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My husband has Capgrass type dementia. He still recognizes a lot of his surroundings however not usually me his wife. He is difficult with me and I'm realizing it's getting closer to moving him to a care facility since his disease is causing health issues for me due to stress. I've found a private home but I struggle with how to make this move. Any suggestions?

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I'm ready to move him, only because he's difficult to manage, as far as ideas he gets in his head that are very hard to deal with. He wants to go home, but he's home, he thinks the neighbors are doing things to our yard, he's blind in one eye and he has limited sight in the other and he wants to drive. I realize I can take the keys and I have but that too causes issues . And of course he doesn't think there is anything wrong with him, every one else is to blame. So having him take an active part of my decision is not a choice I have. I may have the caregiver from the home that I have chosen come by and meet him here in our home a few times. Like I said I'm ready to move him but it's very heartbreaking and a very difficult decision to make.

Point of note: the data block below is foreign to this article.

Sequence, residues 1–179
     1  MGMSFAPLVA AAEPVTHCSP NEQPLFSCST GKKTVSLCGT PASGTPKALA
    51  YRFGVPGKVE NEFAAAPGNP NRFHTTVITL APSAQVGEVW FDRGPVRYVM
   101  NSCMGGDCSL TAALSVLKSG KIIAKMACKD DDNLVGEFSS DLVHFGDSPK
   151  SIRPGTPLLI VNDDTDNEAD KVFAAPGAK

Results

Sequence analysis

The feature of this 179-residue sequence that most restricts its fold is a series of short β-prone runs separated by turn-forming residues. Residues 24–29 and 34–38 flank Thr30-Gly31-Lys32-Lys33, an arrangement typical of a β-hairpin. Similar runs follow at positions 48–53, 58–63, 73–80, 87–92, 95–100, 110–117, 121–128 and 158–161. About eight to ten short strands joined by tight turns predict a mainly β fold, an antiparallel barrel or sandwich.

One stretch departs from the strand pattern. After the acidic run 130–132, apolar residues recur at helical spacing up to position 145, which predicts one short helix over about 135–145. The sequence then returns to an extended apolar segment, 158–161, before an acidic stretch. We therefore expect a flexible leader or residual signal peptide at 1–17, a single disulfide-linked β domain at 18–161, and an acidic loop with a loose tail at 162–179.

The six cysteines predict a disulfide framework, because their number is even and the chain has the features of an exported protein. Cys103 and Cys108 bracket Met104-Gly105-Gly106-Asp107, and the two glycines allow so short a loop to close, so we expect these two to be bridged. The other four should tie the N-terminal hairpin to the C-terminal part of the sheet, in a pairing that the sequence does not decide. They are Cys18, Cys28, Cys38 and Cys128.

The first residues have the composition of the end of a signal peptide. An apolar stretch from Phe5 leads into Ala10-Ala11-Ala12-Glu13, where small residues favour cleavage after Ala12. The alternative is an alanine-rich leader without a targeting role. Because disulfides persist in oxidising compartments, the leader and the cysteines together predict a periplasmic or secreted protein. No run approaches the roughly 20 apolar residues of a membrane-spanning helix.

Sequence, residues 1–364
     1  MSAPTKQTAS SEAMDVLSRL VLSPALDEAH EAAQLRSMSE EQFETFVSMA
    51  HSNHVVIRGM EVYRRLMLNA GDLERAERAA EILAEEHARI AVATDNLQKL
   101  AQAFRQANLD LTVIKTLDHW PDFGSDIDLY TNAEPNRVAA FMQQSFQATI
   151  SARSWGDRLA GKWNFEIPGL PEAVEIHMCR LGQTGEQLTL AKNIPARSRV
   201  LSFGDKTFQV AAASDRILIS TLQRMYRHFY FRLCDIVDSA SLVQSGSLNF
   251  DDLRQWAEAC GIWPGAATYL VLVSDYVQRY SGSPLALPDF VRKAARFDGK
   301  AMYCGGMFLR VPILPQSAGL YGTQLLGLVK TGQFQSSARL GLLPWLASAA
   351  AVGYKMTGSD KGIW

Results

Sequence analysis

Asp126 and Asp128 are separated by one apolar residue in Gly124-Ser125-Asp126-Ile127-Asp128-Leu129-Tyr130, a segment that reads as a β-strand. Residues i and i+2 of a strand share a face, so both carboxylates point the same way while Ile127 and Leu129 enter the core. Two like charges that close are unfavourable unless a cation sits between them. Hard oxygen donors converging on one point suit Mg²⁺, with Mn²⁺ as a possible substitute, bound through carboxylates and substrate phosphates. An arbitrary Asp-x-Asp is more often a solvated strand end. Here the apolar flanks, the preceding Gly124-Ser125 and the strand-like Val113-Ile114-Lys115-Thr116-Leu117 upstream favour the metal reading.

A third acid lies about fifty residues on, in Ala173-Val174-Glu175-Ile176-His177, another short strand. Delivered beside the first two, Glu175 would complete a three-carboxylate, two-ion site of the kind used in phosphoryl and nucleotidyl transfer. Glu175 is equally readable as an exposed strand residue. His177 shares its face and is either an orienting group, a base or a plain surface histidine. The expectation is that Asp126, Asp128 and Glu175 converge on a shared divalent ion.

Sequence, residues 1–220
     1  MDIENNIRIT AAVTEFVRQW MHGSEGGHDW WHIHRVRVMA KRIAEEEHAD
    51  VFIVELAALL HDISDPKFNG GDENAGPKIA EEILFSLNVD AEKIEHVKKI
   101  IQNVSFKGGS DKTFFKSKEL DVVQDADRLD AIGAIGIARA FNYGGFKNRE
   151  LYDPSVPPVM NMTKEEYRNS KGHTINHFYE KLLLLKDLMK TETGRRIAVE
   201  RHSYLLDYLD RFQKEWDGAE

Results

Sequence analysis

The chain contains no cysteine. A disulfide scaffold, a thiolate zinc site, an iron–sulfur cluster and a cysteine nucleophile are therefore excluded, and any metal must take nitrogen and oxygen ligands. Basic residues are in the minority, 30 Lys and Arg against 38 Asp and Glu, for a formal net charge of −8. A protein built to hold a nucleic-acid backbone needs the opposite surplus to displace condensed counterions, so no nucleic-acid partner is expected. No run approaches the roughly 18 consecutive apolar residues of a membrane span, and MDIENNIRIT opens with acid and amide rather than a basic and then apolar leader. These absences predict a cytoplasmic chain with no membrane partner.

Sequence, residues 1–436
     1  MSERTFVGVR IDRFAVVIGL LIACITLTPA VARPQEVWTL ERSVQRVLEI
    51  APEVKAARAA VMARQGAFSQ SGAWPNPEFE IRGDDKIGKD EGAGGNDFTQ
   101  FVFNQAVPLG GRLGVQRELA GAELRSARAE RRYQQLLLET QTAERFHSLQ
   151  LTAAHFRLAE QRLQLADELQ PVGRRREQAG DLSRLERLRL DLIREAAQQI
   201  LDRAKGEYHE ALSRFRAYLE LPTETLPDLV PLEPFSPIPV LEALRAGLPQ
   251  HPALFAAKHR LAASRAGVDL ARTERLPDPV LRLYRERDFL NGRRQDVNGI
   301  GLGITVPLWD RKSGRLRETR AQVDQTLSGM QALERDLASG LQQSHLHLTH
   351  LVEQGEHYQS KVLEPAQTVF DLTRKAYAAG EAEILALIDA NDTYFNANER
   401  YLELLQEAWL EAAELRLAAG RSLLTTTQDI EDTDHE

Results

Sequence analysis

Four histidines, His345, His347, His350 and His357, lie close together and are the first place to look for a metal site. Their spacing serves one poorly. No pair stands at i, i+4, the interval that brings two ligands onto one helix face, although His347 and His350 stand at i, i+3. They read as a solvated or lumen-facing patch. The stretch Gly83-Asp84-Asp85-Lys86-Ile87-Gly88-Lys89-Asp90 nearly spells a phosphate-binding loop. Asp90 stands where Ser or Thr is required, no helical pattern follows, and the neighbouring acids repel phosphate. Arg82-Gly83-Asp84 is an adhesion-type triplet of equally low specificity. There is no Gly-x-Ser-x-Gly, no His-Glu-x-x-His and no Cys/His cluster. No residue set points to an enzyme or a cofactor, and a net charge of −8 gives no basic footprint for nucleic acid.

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Very good idea to get him used to the new surroundings, I agree; and the home's managers may have some useful ideas, too. They may even have preferences about getting him ready so that he'll settle in nicely, come to think of it. Why not give them a call?

Are you going to be all right when the time does come? Everybody on this forum knows that the decision is never, never easy and will be very supportive if you want to talk.
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When it came time that my Dad wanted to move to senior living as he could no longer keep up his large home, plus his memory was starting to slip. We picked out a senior facility that he liked, and his new apartment would be ready in a few weeks as it was being remodeled.

So in the mean time, I or Dad's caregiver would take Dad to the facility for its social hour, so he could start getting familiar with the place and to meet some of the people. Thus, when it was time for Dad to move in, he felt right at home.

Now I realize this won't work for everyone, as with dementia each case is different.

Now, my Dad did have his own private caregivers while he lived at home, and we decided to keep the morning caregivers once he moved. The caregivers helped Dad pack and helped him move in his own furniture, etc. And the caregiver was there every morning when Dad woke up, thus a familiar face, plus routine.
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